Johnny R-Thank you for noticing. (Laughs)

 

Josh B – That’s about all the questions I have written down, we can stop it here, I guess.

 

Johnny R- Is it gonna be online or is it something that is online or in an actual zine?

 

Josh B -Yeah its gonna be for Starfucker Zine, it’s gonna be an all comics issue with an interview with you and another with Gary Panter.

 

Johnny R- Have you talked to Gary yet?

 

Josh B -No I talked to him about it. I noticed that he did the art for the end papers of your most recent book. (“What Are You Looking At?“) Is that’s something that Fantagraphics set up?

 

Johnny R- No, I just asked him.

 

Josh B -Did he ask you for a drawing in exchange?

 

Johnny R- No, no, he asked for money in exchange!

 

Josh B -I know he does this thing and you do the same on your website where you take art requests?

 

Johnny R- He actually does a cool thing where you give him three words and he draws whatever he wants. My thing is kind of more direct whereas you tell me what you want drawn. I like his idea it sounds more fun but in my case I feel like if someone wants a drawing from me I feel obligated to give them exactly what there looking for.

 

Josh B -Have you gotten one really unpredictable, original request after another?

 

Johnny R- No, more often than not they’re a little on the dull side.” Make a picture of me walking my dog” or something, every once in a while I’ll get some crazy cool request like” can you draw Michael vs. 80’s chainsaw hookers”, and that’ll be a fun challenge, but 80 percent are a little on the dull side.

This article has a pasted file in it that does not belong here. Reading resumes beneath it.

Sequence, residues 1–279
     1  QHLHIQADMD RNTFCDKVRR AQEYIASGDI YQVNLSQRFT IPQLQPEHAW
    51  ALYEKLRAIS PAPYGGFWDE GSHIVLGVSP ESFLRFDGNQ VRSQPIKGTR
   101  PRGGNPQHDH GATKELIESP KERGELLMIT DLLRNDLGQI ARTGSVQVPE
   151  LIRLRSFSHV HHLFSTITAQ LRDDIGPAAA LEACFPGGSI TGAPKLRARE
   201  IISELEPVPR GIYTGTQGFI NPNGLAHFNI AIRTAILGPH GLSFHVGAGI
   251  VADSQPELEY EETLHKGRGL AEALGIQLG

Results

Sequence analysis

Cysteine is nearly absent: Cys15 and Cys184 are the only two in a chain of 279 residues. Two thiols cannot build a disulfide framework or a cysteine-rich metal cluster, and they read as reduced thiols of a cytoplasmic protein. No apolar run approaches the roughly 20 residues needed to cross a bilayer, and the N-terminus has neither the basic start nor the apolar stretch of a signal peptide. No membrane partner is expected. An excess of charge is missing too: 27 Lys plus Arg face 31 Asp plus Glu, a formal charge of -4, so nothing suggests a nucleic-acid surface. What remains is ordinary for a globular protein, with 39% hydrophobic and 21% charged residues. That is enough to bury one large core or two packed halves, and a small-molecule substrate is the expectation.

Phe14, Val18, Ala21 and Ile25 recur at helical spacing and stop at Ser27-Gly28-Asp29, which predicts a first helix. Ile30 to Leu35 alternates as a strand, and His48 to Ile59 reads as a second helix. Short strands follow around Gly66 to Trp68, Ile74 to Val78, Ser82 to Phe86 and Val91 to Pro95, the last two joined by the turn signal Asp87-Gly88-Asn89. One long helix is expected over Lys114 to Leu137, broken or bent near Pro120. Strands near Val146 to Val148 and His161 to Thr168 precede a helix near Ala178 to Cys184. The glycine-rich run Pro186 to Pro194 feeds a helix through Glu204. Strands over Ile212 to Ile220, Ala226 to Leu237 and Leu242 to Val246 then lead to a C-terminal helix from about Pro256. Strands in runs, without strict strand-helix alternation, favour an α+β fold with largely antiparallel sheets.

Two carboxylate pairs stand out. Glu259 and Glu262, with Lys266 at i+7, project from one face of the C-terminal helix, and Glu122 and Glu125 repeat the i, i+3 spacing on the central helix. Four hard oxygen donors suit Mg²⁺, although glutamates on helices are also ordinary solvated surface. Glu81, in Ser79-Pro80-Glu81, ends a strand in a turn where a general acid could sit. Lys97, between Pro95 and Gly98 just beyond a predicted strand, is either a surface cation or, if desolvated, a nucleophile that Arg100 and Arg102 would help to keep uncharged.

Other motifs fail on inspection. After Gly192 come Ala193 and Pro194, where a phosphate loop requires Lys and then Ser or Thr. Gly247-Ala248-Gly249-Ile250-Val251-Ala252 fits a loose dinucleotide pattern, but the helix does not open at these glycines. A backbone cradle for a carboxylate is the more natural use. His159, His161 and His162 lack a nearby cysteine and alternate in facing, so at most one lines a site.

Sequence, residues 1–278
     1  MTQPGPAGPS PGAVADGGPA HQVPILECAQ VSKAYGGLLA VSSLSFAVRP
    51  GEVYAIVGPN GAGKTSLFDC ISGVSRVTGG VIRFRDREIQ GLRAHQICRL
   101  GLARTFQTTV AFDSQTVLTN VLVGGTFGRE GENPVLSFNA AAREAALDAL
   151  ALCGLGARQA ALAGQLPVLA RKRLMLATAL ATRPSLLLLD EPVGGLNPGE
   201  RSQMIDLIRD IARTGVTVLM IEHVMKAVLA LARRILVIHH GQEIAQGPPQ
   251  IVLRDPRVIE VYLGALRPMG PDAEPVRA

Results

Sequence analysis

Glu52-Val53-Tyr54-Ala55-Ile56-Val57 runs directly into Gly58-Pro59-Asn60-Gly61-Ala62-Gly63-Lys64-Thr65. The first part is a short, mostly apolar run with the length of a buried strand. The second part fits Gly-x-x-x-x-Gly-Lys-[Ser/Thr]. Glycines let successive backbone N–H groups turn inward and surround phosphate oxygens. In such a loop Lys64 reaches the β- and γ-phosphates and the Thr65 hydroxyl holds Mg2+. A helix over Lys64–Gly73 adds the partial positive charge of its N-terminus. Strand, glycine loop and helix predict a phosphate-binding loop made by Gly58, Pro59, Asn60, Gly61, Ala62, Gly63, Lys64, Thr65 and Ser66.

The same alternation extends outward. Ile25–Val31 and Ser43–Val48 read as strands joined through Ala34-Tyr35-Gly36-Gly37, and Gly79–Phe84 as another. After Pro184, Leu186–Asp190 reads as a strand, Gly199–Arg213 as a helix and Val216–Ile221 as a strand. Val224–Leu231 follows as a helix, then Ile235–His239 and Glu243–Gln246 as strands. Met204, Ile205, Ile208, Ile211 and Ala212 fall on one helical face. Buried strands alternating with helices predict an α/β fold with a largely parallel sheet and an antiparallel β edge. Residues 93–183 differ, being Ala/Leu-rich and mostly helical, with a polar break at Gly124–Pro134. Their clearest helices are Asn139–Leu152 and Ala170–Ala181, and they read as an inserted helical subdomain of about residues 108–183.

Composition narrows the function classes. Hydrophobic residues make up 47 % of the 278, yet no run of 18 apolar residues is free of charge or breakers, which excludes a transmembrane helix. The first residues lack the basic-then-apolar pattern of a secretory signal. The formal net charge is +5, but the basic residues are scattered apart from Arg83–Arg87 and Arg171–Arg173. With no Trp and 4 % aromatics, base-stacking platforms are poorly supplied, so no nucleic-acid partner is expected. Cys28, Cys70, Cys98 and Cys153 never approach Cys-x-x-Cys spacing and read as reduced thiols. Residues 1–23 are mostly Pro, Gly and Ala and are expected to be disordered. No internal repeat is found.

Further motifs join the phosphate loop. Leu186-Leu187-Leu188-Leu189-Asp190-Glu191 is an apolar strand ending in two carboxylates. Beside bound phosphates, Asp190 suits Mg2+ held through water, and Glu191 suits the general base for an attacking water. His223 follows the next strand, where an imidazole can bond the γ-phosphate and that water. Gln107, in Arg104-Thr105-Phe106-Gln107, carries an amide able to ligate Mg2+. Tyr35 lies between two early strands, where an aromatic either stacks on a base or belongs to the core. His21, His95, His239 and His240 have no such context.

Josh B – Somebody told me you did a mural-sized Howard Stern project.

 

Johnny R- I made a poster, yeah, and I’ve been working on it a couple years. Every now and then I’ll think I’m done but then I’ll realize I forgot Beetlejuice or something.

 

Johnny R- My collaborator is here, he wants ask a question.

 

Johnny R- Ok.

 

Joaquin D- Is the Brockton Dildo Factory a real place?

 

Johnny R- I was working for Chadwick’s which was a women’s clothing company, unloading trucks and there was a guy who worked there saying how there was a new dildo factory in town and he was gonna go work there…. I don’t know if he was serious or it was a real place, but I thought it would be funny if they had huge spools of uncut of Ben Wa balls and dildos hanging from the ceiling and massive amount s of butt plugs and stuff.

 

Josh B – one more question. There’s a lot of articles being written and cultural critics writing about the new ascent of Frat culture, all these movies like Knocked Up and 40 year Old Virgin being made with these slacker idiot heroes and they’re all fat and loathsome but they’re the heroes, and its like a new niche, and with that in mind, how do you feel about your work being considered part of that Frat zeitgeist?

 

Johnny R- Well I don’t mind.

 

Josh B – You keep a balance between stuff that’s genuinely dynamic and interesting for you, even if it’s dynamically stupid, and it still seems to be balanced out with an artist’s touch, do you worry about losing the balance and having it become all stupid?